Patzcuaro, which means "place of stones" in the Purepecha language, is a city and its surrounding municipality in the central part of the state of Michoacán, Mexico. It is located about an hour drive between Morelia and Uruapan and about 20 minutes from the artists' town of Erongaricuaro. The 2005 census population was 51,124 people in the city and 79,868 in the municipality. The municipality has an area of 435.96 km² (168.325 sq mi) and includes numerous smaller towns, the largest of which is Cuanajo.
Pátzcuaro was founded in 1540. The city was developed as a religious center, and its early inhabitants believed Pátzcuaro to be the doorway to heaven where the gods ascended and descended. The Purepecha people first settled in Pátzcuaro in 1324, led by Rey Curateme. It has always been of interest to Mexican history scholars because it was central to the careers of two diametrically opposed characters in Mexico's colonial past. The first wasNuño Guzmán de Beltrán, the vicious conquistador who plundered the area for gold. He had the local Purepecha Indian chief burned alive when the chief couldn't or wouldn't tell him where Indian gold was hidden. Eventually his crimes against the Indians became so extreme that the Spanish were forced to arrest him. In his place they sent Vasco de Quiroga, a former judge from Mexico City who had become a priest. Vasco de Quiroga helped the Purepecha Indians in the Pátzcuaro area by introducing new crops and establishing schools and hospitals.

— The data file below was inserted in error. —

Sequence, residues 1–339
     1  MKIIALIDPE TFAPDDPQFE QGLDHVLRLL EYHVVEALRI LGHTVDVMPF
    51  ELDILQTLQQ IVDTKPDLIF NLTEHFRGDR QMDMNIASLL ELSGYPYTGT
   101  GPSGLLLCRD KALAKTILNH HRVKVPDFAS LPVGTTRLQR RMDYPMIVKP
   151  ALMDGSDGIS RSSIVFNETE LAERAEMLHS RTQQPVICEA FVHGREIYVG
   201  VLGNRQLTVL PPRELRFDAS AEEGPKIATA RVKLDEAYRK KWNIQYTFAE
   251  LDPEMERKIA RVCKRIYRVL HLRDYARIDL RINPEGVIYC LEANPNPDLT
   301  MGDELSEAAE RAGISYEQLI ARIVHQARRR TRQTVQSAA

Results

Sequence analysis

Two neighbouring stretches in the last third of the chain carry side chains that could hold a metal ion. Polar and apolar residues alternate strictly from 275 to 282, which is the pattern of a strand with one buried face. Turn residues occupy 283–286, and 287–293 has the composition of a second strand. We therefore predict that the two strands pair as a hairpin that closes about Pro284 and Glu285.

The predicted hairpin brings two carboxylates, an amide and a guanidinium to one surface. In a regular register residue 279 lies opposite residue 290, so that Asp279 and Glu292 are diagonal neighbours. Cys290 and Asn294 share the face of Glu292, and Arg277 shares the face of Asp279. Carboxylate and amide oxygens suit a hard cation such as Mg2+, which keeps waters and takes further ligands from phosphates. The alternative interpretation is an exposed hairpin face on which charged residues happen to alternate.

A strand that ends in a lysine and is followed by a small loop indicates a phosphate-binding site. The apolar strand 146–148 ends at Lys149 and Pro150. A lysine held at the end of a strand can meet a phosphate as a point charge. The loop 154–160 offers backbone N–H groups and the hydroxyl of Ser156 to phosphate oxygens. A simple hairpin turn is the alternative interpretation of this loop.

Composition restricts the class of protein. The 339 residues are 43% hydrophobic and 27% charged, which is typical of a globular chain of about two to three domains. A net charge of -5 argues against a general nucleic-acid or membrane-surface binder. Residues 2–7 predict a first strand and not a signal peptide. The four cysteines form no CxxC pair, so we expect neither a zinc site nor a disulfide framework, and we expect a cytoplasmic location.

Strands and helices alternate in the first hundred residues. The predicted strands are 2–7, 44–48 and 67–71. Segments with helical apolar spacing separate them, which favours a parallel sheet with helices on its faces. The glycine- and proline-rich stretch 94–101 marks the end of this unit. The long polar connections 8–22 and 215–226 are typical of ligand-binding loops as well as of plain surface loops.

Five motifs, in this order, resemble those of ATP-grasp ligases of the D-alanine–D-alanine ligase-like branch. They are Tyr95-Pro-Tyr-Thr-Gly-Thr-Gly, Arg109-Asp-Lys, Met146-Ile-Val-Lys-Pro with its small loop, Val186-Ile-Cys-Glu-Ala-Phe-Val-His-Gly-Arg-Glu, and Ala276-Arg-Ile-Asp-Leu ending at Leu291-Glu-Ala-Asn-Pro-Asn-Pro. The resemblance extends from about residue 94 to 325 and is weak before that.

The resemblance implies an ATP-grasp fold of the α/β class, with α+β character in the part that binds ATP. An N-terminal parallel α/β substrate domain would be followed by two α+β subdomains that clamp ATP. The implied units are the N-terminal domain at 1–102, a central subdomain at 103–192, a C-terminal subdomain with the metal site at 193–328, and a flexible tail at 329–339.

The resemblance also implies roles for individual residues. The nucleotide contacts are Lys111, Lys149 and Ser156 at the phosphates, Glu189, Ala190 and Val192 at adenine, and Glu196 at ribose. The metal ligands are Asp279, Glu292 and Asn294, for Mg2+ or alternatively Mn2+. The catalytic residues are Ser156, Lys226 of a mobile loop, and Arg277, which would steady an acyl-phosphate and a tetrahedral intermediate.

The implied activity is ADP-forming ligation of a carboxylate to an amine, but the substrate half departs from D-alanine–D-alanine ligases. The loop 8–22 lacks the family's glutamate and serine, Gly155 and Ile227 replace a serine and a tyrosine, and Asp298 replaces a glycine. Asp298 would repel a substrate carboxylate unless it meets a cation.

Pátzcuaro is hidden high in the mountains of Michoacán at 2,200 meters (7,130 feet) of elevation. It is veiled from the outside world by a curtain of high pine trees. To the north isLake Pátzcuaro, one of Mexico's highest lakes. The butterfly fishermen, who dip their nets into the lake in search of whitefish, have become a trademark of Pátzcuaro.
The town retains its ancient atmosphere. It consists of largely one-story adobe or plaster-over-brick buildings with red tile roofs. The streets are dusty cobblestones traveled by horse and car. Plaza Vasco de Quiroga, known by locals as simply the Plaza Grande, is Pátzcuaro's central square. Grass covers much of the plaza, and a statue of Vasco de Quiroga stands in its center.
On the east side of downtown is the beautiful Basilica of Our Lady of Health, the city's patron, built between 1546 and 1554. The College of Saint Nicolas, south from the basilica, was founded by Don Vasco in 1540 and now houses the Museum of Popular Arts and Archaeology, which has exhibits of carvings, pottery, weaving, and archaeological artifacts. The Cathedral of Michoacán was built by Don Vasco and was opened in 1546. Today it is the temple of the Jesuits. The House of Eleven Patios is the former monastery of Saint Catherine, founded by Dominican nuns in 1747. It is now a center for local artisans, and you can watch them work.
JOURNEYS trips that include Patzcuaro:
Mexico Cultures & Crafts of Michoacan, including Day of the Dead, Oct 26-Nov 4, 2007 with Stephanie Schneiderman
Information based on http://en.wikipedia.org/wiki/Patzcuaro